Yesterday, I did a lot of sitting as I’m studying quite a bit.  My feet were feeling it.  My body was screaming at me that I needed to get moving.  I felt like I had been on a 15 hour bus ride and hadn’t gotten up to walk around that much . . . yeah, my feet were swollen.  So, this morning after I got up I promised myself that I’d get out for a run today.  I did!  I decided to try the route of the 5K I ran Monday.  I’m still a bit spent from Monday’s race, so I only got in a mile, but I did it with my favorite shoes . . . my feet.

I’m noticing changes in my feet as I continue running without shoes.  My calluses are getting thicker, I can feel the increasing strength in all my foot muscles, and I believe the subcutaneous fat pads are getting thicker as well.  It’s actually very comfortable running without shoes.  The best part about all these changes . . . they didn’t cost me a penny!  (Great for the budget of a recently graduated medical student . . . looking forward to earning an income.)

Have fun with your feet!

I’m Done! May 28, 2010

Posted by The Barefoot MD in : Life, Thoughts , 1 comment so far

I hate to make this post all about me, but today is a very special day for me.  I completed medical school today and NEVER have to go back.  The road has been long.  The road has been tough.  The experiences were varied, but I’m glad I’m done.  To keep this somewhat relevant to the blog, I can also say I walked a significant portion of this road barefoot.  Besides stumbling into barefoot running during the last leg of my medical school journey, on the island I was quite often barefoot around the house.

Life is good!  Now it’s on to residency.

“Barefoot” in The O.R. May 27, 2010

Posted by The Barefoot MD in : Life, Thoughts , 2comments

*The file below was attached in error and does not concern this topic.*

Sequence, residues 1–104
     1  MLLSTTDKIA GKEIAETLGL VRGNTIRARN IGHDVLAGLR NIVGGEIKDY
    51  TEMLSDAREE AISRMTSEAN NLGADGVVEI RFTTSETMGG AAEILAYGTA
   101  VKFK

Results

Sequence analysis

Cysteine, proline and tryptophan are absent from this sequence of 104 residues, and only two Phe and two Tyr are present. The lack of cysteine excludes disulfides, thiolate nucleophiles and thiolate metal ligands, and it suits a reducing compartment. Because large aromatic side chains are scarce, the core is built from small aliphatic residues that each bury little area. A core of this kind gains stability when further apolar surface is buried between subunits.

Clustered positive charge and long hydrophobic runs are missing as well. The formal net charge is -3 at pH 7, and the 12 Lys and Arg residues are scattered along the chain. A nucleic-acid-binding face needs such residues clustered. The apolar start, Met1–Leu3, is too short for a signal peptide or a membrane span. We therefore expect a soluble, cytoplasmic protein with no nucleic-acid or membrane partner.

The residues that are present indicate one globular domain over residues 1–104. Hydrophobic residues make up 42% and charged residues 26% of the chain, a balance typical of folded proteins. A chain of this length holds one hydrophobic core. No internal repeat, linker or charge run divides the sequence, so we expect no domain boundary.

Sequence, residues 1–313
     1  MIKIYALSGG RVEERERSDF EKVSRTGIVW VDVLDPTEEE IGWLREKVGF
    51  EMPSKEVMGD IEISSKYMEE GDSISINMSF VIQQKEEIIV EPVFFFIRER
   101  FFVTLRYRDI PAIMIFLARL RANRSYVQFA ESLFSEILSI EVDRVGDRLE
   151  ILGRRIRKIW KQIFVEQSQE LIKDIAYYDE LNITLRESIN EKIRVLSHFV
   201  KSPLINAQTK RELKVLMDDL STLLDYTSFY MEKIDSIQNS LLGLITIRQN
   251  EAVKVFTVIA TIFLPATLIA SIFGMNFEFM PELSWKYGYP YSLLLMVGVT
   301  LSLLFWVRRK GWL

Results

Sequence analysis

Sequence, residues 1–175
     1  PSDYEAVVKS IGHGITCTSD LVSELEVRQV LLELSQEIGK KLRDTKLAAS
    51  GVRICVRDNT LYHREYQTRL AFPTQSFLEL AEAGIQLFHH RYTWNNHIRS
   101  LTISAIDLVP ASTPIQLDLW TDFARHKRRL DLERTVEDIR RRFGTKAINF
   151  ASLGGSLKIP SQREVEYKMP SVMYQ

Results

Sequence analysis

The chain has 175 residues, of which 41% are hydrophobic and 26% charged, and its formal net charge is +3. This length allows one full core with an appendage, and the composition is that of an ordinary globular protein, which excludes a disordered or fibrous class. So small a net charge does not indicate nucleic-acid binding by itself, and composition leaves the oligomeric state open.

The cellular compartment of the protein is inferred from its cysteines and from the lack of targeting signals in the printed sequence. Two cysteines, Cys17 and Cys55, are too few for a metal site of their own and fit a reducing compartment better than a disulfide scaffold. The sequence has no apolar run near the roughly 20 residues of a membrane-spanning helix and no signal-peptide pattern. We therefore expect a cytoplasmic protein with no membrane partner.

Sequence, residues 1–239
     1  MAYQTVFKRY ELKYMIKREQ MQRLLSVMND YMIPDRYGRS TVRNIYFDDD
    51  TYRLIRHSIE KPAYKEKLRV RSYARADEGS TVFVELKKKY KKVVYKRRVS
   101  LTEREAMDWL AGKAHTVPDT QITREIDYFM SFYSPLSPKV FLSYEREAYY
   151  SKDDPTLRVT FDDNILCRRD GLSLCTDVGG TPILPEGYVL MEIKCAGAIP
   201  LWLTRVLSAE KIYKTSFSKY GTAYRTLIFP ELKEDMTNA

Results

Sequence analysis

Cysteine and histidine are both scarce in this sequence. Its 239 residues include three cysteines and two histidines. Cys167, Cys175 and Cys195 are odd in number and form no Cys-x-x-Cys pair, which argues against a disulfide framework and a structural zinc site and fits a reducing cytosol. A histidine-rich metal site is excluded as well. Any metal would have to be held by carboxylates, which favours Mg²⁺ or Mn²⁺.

Today was the last time I will ever scrub in for surgery as a medical student (two days left and I leave that title behind) . . . and since I’m going into Psychiatry, I’ll probably never scrub in again.  I took the opportunity to have another almost barefoot experience.  I wore my Vibram Five Fingers (VFFs) in the O.R. today.  Of course, they were covered up by shoe covers, but the experience was reaffirming.

I’ve written extensively on the feedback your body receives when you are barefoot or nearly barefoot.  This feedback is essential to being more in touch with the environment around you.  Increased balance and increased awareness of your body are a couple benefits.

Here is my experience.  If I can’t be barefoot and I can get away with it, I wear my VFFs.  I love wearing them around.  They are most certainly a conversation starter, and I love sharing my passion about barefooting.  I noticed something throughout the day.  Normally I begin feeling my feet hurt in the later part of the day which would last all night, I noticed periodically that one foot would ache a bit which signaled me to shift my weight . . . I would stand in a different way.  This happened repeatedly throughout the day.  What I notice looking back over the day is that my feet don’t feel like I’ve been standing on hard, shiny, operating room floors all day.

By allowing my arches and feet to do their job and tell me how I should be standing, I didn’t end up having painful feet at the end of the day.  It’s not going to win me a Nobel Prize, but this experience is certainly one that is very supportive of the barefoot life . . . allowing your body to function as it should.

Enjoy your soles!